With the exception of Sugar Research Australia, the RDCs do not undertake R&D themselves. This allows them to source expertise from a diverse range of providers to match skills, expertise and capacity to rural sector priorities. These research partnerships are with organisations such as state and territory governments, CSIRO, Bureau of Meteorology, universities and a range of private consultancies.
Total annual rural R&D funding in Australia is estimated to be in excess of $3 billion, with public and private sources each accounting for around half the expenditure. Collectively, the RDCs invest approximately $600 million each year in rural RD&E; which means that RDCs are the largest industry innovation program in Australia and the third-largest source of competitive research funds after the National Health and Medical Council and the Australian Research Council.
Nevertheless, whilst benefits from end-user focused investment in rural RD&E are readily evidenced, a lack of ‘collaboration’ (as measured by co-investment in research into cross-sectoral issues by RDCs) has long been considered a contentious issue.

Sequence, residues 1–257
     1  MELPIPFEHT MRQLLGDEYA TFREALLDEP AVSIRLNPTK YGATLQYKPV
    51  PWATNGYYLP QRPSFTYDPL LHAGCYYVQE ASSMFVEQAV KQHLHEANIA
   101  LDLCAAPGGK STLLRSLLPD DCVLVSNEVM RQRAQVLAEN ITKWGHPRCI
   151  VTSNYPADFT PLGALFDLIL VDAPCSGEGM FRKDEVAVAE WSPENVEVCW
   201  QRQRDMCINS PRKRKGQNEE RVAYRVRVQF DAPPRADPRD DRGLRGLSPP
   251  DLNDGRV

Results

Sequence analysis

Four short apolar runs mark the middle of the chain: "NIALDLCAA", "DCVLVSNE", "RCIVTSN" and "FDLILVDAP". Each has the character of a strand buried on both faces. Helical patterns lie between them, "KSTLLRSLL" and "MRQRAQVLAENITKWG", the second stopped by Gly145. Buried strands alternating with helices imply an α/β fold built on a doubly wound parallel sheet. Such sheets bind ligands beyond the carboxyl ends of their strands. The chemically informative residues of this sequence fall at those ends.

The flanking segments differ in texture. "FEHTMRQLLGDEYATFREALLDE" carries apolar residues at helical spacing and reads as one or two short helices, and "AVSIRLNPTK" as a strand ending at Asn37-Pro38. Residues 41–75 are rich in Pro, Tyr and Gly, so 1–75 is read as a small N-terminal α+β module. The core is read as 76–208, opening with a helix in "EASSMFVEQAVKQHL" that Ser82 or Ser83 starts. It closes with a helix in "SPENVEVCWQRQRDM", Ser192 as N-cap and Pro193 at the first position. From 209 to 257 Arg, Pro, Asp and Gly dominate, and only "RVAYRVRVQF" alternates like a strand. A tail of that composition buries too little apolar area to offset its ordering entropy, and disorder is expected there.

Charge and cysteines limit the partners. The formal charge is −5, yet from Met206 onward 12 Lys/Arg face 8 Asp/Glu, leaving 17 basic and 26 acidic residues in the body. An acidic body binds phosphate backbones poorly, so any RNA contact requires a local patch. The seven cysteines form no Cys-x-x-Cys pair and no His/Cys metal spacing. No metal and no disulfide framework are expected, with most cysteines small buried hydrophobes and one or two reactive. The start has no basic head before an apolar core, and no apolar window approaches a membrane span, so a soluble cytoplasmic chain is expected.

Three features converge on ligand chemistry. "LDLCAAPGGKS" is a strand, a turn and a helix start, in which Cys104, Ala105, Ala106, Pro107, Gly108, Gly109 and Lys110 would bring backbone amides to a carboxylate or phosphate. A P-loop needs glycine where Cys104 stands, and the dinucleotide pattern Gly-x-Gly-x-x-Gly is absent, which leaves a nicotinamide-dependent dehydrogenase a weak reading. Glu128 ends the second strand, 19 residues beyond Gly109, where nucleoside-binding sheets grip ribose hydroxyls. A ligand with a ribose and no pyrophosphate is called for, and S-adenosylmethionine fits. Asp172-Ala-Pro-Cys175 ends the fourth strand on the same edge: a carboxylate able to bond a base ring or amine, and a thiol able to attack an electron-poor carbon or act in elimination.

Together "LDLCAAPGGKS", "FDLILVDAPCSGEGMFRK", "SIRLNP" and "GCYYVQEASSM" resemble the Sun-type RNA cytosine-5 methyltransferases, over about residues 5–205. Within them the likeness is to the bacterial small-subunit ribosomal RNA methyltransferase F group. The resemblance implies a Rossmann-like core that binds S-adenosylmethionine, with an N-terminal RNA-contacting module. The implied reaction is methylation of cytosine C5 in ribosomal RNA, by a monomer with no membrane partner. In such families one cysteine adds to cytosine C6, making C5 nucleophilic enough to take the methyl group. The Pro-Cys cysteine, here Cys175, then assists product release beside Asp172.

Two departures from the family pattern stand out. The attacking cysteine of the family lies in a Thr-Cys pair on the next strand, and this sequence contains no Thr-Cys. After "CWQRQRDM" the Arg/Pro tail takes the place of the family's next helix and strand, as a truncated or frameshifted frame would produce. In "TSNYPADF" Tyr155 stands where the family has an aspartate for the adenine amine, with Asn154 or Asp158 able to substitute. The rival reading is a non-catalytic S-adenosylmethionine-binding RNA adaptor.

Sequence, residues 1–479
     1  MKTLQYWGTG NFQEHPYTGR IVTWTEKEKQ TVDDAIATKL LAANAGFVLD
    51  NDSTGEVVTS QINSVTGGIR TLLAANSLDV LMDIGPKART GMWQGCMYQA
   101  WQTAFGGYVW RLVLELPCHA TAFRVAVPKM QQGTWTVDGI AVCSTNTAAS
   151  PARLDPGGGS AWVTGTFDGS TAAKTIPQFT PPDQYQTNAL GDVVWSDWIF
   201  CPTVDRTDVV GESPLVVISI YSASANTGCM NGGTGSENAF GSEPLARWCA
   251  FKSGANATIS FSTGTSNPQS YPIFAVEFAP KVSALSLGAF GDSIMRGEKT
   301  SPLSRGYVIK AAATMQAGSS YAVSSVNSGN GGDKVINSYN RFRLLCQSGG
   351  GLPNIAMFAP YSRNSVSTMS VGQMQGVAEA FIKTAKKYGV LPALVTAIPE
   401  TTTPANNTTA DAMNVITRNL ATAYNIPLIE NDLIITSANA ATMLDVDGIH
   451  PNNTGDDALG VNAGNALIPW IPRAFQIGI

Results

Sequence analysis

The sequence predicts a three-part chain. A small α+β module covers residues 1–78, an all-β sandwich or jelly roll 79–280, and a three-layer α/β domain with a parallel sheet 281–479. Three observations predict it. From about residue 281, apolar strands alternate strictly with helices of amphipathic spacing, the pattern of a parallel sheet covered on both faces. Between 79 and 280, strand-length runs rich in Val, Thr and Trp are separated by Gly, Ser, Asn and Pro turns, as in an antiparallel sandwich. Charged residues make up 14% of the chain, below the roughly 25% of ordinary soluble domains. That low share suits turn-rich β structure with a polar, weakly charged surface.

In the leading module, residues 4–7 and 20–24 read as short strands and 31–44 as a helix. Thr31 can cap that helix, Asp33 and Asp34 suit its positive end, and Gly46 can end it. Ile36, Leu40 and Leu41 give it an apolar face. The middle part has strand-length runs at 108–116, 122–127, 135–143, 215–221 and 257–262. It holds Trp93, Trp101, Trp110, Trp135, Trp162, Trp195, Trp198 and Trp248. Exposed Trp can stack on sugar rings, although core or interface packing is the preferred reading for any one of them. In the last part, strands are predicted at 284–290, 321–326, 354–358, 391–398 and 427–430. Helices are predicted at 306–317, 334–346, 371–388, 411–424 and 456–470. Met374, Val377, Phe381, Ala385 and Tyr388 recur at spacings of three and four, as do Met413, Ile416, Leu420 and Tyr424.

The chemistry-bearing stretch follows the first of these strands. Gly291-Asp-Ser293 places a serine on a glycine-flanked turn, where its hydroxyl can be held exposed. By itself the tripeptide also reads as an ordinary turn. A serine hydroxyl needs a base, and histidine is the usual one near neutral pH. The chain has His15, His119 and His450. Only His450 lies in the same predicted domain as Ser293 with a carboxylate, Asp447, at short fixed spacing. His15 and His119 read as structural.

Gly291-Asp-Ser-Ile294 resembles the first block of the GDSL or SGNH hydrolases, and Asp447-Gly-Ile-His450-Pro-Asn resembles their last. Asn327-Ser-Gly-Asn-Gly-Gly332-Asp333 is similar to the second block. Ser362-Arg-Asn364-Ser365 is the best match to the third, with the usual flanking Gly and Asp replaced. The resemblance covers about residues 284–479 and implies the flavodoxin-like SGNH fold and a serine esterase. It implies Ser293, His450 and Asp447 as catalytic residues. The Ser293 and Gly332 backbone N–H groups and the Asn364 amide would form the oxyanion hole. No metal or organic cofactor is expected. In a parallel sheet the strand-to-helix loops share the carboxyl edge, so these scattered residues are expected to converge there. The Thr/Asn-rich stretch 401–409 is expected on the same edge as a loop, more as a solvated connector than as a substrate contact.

Whereas RDCs and research partners have established ways to improve knowledge-sharing and coordination to avoid duplication, the identification of adoptable cross-sectoral collaboration research outcomes has proven to be much more difficult and resource consuming. In part this is not surprising, given the emphasis placed on addressing end-user research needs within each sector and the yawning differences between rural industries, regions and production systems, markets and financial returns. And yet, contrary to popular wisdom, cross-RDC collaborative arrangements have been a feature of the RDC world since the very beginning.
The first well-documented example of RDC collaboration is the Climate Variability in Agriculture Program (CVAP) which was established in 1992. Then headed up by the Land and Water Resources RDC, this collaborative work continues today through the Managing Climate Variability Program (MCVP) hosted by Meat & Livestock Australia (MLA) with RDC partners AgriFutures, Sugar Research Australia, Cotton RDC and Grains RDC. CVAP and MCVP have also been important precursors to the current Climate Research Strategy for Primary Industries with its 22 partners.